If you break it down to basics, what makes a truck or four-by-four tick is similar to what moves a typical family sedan: engine, transmission, steering and brakes. But trucks and SUVs with four-wheel drive have an extra level of complexity that, in a used vehicle with little or no warranty remaining, can add up to big, unexpected repair bills for the uninitiated four-by-four owner.
Car-based crossovers (and cars) with all-wheel drive will have some of the same additional components as a four-wheel drive truck. In trucks, however, these are built to more robust durability standards in order to deliver the higher towing and payload capacities and off-road abilities promised by pickups and purpose-built SUVs.
If you’re a four-wheel drive virgin considering a used pickup truck or truck-based SUV, here are some of the drivetrain components most likely to cause headaches and SBAD (spontaneous bank account depletion).
Skid plates Many 4WD trucks, especially those intended specifically for off-roading, will have underbody skid plates to protect the truck’s vital organs, like the engine and transmission oil pans and gas tank.
“These protective pieces can also be an indicator of how the truck was treated in its past,” says Mark Woodward, director of the Ottawa chapter of the Eastern Ontario Trailblazers 4×4 club. “Look for bends and gouges (in the skid plates),” he advises. “They are there to take some hits, but not excessive impacts.”
Framing the question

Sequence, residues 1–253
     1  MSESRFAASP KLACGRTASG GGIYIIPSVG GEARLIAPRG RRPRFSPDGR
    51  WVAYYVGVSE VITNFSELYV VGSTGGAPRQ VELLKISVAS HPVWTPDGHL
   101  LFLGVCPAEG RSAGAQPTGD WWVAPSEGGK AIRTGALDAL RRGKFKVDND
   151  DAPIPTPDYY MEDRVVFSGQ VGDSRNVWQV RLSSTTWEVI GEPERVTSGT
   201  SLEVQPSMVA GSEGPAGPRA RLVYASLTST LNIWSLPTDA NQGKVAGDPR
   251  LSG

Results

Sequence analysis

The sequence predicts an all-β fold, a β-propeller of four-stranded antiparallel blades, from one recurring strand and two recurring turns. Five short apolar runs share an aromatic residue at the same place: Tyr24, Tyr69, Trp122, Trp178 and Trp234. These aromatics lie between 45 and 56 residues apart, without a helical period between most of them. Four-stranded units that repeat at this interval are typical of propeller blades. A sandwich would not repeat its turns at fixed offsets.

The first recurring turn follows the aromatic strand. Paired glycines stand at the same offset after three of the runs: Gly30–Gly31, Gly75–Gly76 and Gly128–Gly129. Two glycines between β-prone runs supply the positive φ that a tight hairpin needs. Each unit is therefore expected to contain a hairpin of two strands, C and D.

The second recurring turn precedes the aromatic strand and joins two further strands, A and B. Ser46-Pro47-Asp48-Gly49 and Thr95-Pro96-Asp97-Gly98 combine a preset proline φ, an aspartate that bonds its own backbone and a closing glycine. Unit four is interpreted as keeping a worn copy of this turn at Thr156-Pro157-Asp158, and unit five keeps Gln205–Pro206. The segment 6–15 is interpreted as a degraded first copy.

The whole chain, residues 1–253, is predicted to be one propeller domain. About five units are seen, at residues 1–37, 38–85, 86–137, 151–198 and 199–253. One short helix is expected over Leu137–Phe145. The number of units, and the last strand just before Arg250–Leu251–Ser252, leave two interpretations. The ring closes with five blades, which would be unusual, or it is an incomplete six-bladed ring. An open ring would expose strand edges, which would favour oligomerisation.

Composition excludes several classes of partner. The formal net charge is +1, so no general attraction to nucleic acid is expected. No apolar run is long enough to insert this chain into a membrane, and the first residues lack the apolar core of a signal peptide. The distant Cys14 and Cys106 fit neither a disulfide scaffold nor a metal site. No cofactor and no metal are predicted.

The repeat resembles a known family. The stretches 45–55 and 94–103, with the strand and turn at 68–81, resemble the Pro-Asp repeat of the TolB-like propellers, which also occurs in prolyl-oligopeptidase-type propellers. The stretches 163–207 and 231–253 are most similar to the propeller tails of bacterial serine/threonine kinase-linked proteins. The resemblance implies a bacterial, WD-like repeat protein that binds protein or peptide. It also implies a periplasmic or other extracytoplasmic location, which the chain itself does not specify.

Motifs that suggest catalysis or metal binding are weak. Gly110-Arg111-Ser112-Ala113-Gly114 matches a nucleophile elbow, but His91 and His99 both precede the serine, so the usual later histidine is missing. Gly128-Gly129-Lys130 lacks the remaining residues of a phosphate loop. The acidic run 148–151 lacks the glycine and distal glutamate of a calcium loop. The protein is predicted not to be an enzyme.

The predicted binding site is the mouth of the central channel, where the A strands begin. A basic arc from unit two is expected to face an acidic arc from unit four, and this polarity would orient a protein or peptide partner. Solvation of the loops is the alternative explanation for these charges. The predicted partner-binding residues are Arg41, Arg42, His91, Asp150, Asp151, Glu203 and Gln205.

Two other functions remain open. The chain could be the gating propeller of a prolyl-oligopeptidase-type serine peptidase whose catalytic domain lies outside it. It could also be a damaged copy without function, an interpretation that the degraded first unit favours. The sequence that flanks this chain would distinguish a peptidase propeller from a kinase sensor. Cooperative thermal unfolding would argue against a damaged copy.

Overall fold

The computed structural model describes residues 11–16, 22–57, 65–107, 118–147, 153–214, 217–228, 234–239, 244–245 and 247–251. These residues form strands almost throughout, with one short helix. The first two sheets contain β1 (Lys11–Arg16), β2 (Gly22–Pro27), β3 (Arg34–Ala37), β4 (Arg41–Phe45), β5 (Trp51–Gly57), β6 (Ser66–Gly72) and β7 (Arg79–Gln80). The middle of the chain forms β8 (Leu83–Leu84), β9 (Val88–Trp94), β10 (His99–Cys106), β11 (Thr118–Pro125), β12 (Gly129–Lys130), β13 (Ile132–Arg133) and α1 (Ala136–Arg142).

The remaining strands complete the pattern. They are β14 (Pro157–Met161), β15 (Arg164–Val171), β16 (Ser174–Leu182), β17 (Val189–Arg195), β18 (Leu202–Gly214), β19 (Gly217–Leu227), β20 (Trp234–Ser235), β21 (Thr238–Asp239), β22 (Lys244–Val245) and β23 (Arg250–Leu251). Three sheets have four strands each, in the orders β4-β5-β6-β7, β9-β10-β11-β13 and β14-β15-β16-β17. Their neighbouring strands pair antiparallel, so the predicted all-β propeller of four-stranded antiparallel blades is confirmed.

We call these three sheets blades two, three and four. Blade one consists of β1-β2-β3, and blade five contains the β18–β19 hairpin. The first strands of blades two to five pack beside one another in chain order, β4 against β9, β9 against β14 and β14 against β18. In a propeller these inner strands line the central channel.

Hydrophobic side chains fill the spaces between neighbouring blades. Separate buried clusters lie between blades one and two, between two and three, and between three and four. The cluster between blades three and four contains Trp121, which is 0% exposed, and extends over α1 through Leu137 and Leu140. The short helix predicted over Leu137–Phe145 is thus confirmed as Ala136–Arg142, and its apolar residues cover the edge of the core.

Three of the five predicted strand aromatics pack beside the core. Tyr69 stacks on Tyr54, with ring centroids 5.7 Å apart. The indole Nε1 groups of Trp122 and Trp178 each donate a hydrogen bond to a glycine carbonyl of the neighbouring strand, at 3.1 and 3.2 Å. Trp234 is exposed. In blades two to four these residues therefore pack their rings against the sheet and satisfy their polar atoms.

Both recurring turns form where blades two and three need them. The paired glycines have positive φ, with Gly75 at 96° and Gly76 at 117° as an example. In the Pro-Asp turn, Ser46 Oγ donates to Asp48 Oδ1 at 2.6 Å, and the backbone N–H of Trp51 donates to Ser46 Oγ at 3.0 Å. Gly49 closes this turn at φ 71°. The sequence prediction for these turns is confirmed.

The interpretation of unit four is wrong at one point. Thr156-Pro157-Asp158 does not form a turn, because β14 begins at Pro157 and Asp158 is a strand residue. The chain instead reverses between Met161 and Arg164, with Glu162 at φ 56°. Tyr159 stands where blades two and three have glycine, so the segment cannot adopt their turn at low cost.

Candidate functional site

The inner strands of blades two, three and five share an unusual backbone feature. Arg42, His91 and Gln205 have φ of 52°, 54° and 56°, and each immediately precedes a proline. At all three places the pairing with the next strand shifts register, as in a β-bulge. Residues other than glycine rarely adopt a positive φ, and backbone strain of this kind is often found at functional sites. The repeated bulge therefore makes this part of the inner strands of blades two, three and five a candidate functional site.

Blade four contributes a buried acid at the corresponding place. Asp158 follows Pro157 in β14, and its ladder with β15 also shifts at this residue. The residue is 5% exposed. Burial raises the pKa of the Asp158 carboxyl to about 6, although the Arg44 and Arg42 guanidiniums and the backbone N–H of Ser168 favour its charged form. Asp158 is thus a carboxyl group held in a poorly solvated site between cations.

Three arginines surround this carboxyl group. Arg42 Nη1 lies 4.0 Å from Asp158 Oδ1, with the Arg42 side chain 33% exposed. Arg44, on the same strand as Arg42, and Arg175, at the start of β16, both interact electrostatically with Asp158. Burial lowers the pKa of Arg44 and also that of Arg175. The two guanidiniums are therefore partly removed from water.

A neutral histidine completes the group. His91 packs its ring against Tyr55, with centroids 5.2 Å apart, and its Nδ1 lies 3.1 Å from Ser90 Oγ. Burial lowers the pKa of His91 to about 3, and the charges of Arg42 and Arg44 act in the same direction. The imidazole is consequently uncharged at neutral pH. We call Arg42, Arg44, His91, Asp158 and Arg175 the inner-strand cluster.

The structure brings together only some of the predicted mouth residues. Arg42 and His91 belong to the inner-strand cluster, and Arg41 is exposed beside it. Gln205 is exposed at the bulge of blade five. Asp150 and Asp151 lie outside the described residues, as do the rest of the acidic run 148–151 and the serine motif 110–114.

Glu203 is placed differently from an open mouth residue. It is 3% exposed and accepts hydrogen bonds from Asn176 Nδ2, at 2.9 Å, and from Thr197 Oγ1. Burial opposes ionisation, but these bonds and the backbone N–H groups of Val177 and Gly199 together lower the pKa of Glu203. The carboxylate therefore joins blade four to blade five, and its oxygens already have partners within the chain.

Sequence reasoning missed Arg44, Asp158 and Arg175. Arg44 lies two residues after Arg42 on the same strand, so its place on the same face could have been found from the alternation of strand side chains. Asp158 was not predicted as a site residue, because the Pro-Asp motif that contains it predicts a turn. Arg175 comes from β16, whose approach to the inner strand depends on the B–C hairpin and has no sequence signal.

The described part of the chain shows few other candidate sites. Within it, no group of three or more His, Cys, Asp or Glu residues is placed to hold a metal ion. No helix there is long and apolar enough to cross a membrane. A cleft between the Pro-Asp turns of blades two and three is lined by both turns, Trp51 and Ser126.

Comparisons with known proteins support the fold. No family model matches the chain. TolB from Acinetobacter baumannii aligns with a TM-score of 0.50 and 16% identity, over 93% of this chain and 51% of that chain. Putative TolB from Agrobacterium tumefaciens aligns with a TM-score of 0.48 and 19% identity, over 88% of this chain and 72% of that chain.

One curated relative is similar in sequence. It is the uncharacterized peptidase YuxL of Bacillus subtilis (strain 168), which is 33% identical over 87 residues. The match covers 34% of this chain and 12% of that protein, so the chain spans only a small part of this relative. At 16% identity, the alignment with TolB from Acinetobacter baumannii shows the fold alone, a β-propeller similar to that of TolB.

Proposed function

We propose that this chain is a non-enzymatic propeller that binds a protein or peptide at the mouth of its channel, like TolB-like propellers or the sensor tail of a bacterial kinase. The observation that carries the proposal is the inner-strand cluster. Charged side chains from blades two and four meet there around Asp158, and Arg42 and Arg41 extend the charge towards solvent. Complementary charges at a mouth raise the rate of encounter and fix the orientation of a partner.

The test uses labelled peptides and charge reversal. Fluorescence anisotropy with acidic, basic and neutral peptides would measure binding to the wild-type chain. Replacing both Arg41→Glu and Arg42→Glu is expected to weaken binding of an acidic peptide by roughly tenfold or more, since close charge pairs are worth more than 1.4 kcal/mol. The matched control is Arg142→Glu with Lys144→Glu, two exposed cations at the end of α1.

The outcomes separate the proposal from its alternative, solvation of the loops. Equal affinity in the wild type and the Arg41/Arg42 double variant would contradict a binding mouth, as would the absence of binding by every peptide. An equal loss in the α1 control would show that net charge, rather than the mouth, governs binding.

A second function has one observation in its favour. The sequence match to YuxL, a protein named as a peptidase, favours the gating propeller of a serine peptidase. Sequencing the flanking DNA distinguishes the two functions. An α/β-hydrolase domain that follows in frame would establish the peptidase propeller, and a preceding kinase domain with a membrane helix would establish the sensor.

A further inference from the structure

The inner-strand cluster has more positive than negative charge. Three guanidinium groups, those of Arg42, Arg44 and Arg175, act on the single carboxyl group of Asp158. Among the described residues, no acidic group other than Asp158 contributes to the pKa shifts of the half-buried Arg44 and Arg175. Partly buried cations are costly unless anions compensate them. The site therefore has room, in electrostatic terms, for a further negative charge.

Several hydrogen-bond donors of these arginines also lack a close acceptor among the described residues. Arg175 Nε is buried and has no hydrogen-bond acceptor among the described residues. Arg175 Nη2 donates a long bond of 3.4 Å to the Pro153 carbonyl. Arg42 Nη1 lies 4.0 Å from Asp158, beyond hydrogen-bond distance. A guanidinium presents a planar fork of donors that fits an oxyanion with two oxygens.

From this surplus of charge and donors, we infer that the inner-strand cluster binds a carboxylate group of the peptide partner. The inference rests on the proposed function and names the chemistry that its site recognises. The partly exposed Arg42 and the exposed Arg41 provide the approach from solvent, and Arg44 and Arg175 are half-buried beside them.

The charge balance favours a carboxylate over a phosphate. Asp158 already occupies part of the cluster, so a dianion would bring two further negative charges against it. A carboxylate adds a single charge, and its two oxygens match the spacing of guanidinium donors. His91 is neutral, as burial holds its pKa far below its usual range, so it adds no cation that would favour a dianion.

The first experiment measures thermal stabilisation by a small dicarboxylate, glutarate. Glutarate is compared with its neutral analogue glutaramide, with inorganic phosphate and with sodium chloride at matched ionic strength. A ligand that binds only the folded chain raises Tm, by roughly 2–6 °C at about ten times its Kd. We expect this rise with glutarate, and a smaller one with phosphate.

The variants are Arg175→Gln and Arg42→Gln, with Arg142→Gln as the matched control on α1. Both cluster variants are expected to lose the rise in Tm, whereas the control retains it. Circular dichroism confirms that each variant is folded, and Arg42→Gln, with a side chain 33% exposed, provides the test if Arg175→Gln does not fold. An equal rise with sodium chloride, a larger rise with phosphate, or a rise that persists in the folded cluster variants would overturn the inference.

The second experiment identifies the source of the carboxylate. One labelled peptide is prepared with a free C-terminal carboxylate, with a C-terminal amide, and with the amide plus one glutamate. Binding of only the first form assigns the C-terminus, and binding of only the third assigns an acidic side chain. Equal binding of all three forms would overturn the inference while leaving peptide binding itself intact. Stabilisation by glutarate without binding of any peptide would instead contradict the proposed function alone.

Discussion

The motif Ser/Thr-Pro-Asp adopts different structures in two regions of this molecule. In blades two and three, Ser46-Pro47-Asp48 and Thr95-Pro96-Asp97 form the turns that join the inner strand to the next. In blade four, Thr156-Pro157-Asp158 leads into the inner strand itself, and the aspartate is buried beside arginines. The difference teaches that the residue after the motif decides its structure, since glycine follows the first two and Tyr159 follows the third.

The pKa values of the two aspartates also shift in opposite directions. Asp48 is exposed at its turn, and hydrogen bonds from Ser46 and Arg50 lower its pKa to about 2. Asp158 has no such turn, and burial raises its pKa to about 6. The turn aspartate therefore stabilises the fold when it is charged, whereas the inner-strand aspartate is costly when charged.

Woodward says that mud, just like salt-laden snow accumulated on wintry roads, can cause rust if it’s not cleaned away promptly.
“If the vehicle has been in deep mud repeatedly, it can and does get into the frame,” he says. “Left to build up, it will retain salt and moisture, and this means rust. Check the frame for mud build up and potential rust issues.”
The transfer case is the set of gears that makes the difference between a two-wheel and four-wheel drive vehicle. In a truck, it’s located behind the transmission, and its input shaft takes power from it and essentially turns it 180 degrees to send it to the differential in the front axle. It’s also what allows for the low-range gearing found in many 4WD pickups and SUVs.
Search the Internet and you’ll find plenty of complaints about transmission fluid leaks in a wide variety of vehicles. The transfer case is little more than a secondary transmission, so it’s also prone to leaks, particularly where the driveshafts to the front and rear axles attach to it, and where it meets the main transmission.
Electronic 4WD selectors
In some four-wheelers, the driver has to operate a manual lever to engage 4WD, usually when the vehicle is stopped. The modern method of engaging the transfer case gears is through electro-mechanical means, often still driver-selectable, but via a dash-mounted switch or knob. Operating that control sends an electrical signal to a secondary switch (often referred to as a solenoid), which activates an electric motor to engage the necessary gears.
“I would recommend (a vehicle) with a manual shifter over electronic,” says Woodward. “The electronic actuators can fail due to mud and water (infiltration) and leave you stranded or having to fix (your truck) in the middle of the trail.”
Every vehicle, big or small, four-wheel drive or not, has at least one differential. Most four-wheel drive trucks have two, and some have a third in between the front and rear axles. In its simplest form, this component splits the engine’s power between the left- and right-side wheels, allowing the two wheels (or axles, in the case of a centre differential) to spin at different speeds in turns.
The main distinction between differentials in trucks and a typical car is two-fold: the truck differential is built to stand up to heavier use, but that heavier use causes more wear and tear, and could lead to a need for replacement in a truck that’s lived a hard life at the hands of its previous owners.
Differential lubricant – usually gear oil, but often something more sophisticated in a limited-slip diff – needs to be changed periodically, just like engine oil, particularly if the truck is regularly put to work.